"If I'm in the same position on 18, I'm gunning for 58 this year," Hadwin said, "not playing safe for 59."
Rahm: If I thought like Phil, I could not hit a shot
When it comes to Jon Rahm and Phil Mickelson, there are plenty of common bonds. Both starred at Arizona State, both are now repped by the same agency and Rahm's former college coach and agent, Tim Mickelson, now serves full-time as his brother's caddie.
Those commonalities mean the two men have played plenty of practice rounds together, but the roads quickly diverge when it comes to on-course behavior. Rahm is quick, fiery and decisive; Mickelson is one of the most analytical players on Tour. And as Rahm told reporters Wednesday at the CareerBuilder Challenge, those differences won't end anytime soon.
"I don't need much. 'OK, it's like 120 (yards), this shot, right," Rahm said. "And then you have Phil, it's like, 'Oh, this shot, the moisture, this going on, this is like one mile an hour wind sideways, it's going to affect it one yard. This green is soft, this trajectory. They're thinking, and I'm like, 'I'm lost.' I'm like, 'God if I do that thought process, I could not hit a golf shot.'"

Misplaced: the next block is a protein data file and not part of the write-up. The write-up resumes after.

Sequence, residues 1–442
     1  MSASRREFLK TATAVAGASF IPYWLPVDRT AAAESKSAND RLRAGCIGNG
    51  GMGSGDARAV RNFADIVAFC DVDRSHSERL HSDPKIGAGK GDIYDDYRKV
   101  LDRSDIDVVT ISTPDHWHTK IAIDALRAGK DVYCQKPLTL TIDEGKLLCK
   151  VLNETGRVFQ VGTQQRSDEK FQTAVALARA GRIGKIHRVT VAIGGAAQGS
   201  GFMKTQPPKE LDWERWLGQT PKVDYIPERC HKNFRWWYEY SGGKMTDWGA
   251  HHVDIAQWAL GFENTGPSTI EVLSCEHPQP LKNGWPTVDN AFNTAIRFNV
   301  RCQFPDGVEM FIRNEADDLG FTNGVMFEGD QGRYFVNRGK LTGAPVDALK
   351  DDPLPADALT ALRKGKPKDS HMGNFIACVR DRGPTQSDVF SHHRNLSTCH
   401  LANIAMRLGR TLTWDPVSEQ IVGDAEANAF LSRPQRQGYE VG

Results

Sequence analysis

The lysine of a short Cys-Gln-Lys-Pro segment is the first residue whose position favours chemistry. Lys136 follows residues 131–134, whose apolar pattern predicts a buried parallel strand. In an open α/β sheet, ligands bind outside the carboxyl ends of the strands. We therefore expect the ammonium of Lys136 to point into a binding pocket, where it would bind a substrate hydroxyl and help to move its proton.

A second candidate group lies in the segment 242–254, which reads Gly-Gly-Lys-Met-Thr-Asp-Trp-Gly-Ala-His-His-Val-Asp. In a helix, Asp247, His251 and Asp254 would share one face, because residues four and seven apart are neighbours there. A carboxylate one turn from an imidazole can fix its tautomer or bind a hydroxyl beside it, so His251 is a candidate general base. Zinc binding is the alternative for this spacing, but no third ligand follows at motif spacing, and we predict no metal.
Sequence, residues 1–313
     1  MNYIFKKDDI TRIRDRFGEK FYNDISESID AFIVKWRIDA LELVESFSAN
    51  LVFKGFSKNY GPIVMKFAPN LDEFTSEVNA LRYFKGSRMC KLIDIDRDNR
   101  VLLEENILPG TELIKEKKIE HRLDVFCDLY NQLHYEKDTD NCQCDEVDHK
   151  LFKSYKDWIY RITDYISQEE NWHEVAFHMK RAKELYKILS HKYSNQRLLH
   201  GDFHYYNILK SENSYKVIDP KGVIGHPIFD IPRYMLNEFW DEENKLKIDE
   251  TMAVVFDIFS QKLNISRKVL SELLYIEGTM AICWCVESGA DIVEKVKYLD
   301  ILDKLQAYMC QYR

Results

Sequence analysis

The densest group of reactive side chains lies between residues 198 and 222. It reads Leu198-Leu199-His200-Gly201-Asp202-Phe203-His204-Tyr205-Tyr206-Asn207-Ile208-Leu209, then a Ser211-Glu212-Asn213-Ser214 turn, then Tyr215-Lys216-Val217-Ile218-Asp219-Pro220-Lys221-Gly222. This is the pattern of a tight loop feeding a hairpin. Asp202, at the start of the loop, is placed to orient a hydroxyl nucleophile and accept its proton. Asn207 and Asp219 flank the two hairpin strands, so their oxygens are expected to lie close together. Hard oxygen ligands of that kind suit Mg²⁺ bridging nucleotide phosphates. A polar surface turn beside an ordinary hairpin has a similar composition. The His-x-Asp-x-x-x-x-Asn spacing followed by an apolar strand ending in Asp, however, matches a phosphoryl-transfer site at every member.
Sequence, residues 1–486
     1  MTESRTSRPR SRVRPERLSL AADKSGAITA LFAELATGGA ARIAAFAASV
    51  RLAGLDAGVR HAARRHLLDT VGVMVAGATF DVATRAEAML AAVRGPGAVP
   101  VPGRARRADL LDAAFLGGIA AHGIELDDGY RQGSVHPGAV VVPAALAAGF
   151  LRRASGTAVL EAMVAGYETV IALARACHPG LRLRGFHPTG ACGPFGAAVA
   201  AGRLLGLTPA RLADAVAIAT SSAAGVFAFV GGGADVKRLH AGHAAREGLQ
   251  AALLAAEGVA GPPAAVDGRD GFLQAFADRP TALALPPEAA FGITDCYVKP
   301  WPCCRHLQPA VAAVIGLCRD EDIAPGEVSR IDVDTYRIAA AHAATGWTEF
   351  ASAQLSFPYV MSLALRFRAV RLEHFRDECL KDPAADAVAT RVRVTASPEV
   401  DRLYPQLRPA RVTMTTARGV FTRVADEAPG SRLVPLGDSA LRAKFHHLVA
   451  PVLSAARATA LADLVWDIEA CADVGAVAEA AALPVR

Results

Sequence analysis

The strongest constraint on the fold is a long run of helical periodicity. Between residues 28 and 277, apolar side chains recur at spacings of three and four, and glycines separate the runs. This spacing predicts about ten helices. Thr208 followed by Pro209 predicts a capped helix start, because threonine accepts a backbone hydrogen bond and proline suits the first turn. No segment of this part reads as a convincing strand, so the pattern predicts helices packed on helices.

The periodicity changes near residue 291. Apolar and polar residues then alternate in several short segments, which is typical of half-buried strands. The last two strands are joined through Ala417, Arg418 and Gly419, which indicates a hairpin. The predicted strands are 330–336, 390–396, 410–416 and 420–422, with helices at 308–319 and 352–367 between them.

The tactics may be more simplified, but Rahm can't argue with the results. While Mickelson is in the midst of a winless drought that is approaching five years, Rahm won three times around the world last year and will defend a PGA Tour title for the first time next week at Torrey Pines.
Both men are in the field this week in Palm Springs, where Mickelson will make his 2018 debut with what Rahm fully expects to be another dose of high-level analytics for the five-time major winner with his brother on the bag.